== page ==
Latest invention helps keep the house in order

PUBLISHED : Thursday, 01 February, 2007, 12:00am
UPDATED : Thursday, 01 February, 2007, 12:00am
 

Global tracking helps eliminate errors in inventory management while increasing on-shelf availability in shops


The warehouse is often a problem area for product tracking. At the shop floor level, poor warehouse management can lead to ineffective stock control.


This can lead to unnecessary loss of sales revenue.


The logistics zone of the SCIC demonstrates how the EPC/RFID model can facilitate efficient and effective logistic warehouse management.


Real-time global tracking helps reduce errors in inventory management while increasing the reliability of on-shelf availability in a shop.


Goods storage and retrieval will be more efficient and paperwork can be reduced.


Maersk Logistics is a founding member of the centre.


The company's general manager for Greater China, Steffen Schiottz-Christensen, said some of the key clients in the retail sector had shown strong interest in RFID because its benefits were especially visible in retail operations.


'At this point, RFID is just emerging, but it is a very viable and useful technology and we expect it to be widely adopted,' Mr Schiottz-Christensen said.


' The logistics services we provide in China include all aspects of supply chain operations and our customers expect us to deploy cutting-edge technology such as RFID to improve their supply chains.


'We definitely want to see RFID driven in Hong Kong and China. The SCIC bring players in different aspects of a supply chain together to see how RFID works for themselves as well as the other players.


'We believe this co-operation will enhance our ability to help our customers meet their requirements regarding the use of EPC and RFID devices.'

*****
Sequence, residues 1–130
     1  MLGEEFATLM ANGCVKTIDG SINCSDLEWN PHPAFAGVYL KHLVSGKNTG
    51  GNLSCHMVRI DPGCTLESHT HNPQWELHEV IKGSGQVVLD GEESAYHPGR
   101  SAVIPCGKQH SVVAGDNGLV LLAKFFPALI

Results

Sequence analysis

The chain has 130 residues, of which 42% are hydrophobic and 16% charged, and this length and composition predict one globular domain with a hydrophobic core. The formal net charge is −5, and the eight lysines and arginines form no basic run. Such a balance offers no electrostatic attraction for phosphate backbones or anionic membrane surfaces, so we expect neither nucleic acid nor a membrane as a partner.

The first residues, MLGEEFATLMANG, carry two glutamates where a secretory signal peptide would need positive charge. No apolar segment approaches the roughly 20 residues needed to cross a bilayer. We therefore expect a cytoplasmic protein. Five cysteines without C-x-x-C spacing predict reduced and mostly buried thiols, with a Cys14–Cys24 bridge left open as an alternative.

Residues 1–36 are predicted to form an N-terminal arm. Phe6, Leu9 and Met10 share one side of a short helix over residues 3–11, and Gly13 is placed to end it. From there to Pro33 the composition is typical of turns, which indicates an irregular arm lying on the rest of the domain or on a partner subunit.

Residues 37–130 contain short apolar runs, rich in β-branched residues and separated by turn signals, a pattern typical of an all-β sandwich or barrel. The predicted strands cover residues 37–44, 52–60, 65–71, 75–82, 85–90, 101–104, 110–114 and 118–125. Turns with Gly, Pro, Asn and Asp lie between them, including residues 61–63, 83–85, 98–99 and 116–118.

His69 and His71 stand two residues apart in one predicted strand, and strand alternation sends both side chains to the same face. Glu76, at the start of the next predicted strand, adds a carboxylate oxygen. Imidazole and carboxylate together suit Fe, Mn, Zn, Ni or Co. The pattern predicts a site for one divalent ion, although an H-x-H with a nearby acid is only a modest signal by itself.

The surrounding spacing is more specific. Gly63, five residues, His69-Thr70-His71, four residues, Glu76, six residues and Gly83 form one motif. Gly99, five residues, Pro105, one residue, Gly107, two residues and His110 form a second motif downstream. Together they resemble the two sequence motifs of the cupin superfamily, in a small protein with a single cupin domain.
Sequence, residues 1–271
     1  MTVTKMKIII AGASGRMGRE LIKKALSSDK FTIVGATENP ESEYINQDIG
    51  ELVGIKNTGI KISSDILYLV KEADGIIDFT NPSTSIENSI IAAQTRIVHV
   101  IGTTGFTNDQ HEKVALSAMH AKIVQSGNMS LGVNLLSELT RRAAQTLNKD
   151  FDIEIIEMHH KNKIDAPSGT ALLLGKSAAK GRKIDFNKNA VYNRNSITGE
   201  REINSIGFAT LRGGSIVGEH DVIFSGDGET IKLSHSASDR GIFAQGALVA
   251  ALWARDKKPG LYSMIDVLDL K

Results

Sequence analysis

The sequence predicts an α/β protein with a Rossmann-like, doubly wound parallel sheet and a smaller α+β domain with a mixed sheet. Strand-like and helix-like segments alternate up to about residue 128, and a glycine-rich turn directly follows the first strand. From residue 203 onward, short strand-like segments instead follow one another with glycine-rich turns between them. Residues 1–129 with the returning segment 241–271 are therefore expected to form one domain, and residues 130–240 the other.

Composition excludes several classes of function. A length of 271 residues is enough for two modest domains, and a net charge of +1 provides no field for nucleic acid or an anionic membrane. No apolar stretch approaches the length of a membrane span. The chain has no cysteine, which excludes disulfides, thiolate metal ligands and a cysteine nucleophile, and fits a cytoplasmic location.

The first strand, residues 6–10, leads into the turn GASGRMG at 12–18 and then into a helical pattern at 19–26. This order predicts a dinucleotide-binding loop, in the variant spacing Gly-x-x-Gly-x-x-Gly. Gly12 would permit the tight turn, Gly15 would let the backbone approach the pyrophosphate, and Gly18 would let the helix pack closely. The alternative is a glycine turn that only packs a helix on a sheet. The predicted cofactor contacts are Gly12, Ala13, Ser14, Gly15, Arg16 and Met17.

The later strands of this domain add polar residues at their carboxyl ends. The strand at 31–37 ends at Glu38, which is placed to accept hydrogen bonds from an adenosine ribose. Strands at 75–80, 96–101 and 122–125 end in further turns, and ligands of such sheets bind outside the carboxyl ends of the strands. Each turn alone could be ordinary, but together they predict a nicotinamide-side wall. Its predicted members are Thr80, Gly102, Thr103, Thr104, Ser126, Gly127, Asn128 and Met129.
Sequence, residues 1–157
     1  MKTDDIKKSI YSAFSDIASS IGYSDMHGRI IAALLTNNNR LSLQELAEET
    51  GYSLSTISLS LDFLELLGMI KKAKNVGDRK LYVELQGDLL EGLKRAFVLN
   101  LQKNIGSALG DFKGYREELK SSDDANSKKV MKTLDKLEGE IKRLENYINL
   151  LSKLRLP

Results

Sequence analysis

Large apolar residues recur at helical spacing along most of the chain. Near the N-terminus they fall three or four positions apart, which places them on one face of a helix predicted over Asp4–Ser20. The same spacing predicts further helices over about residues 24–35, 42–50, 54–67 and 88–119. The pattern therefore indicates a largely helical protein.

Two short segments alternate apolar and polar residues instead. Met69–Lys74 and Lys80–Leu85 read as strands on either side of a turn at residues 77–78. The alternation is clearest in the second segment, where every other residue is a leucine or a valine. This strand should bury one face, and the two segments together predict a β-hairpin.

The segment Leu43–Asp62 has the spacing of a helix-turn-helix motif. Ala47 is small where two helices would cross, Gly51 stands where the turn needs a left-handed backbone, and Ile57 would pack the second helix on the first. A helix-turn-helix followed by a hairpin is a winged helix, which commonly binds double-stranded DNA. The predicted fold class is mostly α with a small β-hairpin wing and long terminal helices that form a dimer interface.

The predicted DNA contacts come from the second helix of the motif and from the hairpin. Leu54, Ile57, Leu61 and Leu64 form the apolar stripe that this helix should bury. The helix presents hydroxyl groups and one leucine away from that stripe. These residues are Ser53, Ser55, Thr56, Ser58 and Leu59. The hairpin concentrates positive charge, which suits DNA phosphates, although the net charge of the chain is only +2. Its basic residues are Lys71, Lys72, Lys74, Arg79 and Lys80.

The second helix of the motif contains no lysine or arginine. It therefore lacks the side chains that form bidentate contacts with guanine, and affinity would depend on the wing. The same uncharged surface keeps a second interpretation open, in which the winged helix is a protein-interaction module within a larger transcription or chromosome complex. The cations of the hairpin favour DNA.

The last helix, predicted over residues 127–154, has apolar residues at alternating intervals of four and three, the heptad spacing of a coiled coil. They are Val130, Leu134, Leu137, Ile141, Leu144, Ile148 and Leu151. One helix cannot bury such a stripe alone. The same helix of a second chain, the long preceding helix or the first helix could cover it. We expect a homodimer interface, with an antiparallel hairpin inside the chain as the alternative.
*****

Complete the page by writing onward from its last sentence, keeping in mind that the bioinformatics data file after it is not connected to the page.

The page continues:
Mr Schiottz-Christensen said that a key aspect for future RFID innovation was enhancing its applicability. He said that apart from contributing expertise and experience towards the setting up of the showcase at the expo, his company would continue to support the SCIC by transferring the expertise and experience of its research centre in the US.


Michael Tung Pak-Shing, logistics director, South China, at Schenker, is also co-chairman of the Asian adoption programme for RFID of EPC Global. He said the SCIC was a perfect platform for consolidating the knowledge of the founding members, who were all leading players in their fields.


'The founding members together will generate adequate market awareness in the manufacturing, retail and logistics industries. By collaborating with each others' supply chain partners, we could bridge the missing link in RFID application, starting at the beginning of the supply chain here in Hong Kong and China,' he said.


'Hong Kong has been successful in establishing itself as a leading import/export hub. A lot of the manufacturing business in China is controlled by Hong Kong companies. It is now time for Hong Kong to create a new competitive edge by leading the revolution in wireless, almost real time information capturing, further eliminating lead time between each supply chain process and improving accuracy, security and timeliness of business activities along the supply chain. SCIC is the perfect supply chain technology showcase positioned behind the manufacturing, retail and logistics industries in Hong Kong.'


Mr Tung said his company had committed corporate RFID resources from Germany to the development of SCIC and it hoped to use the centre as a 'live demonstration' to its customers in the region.


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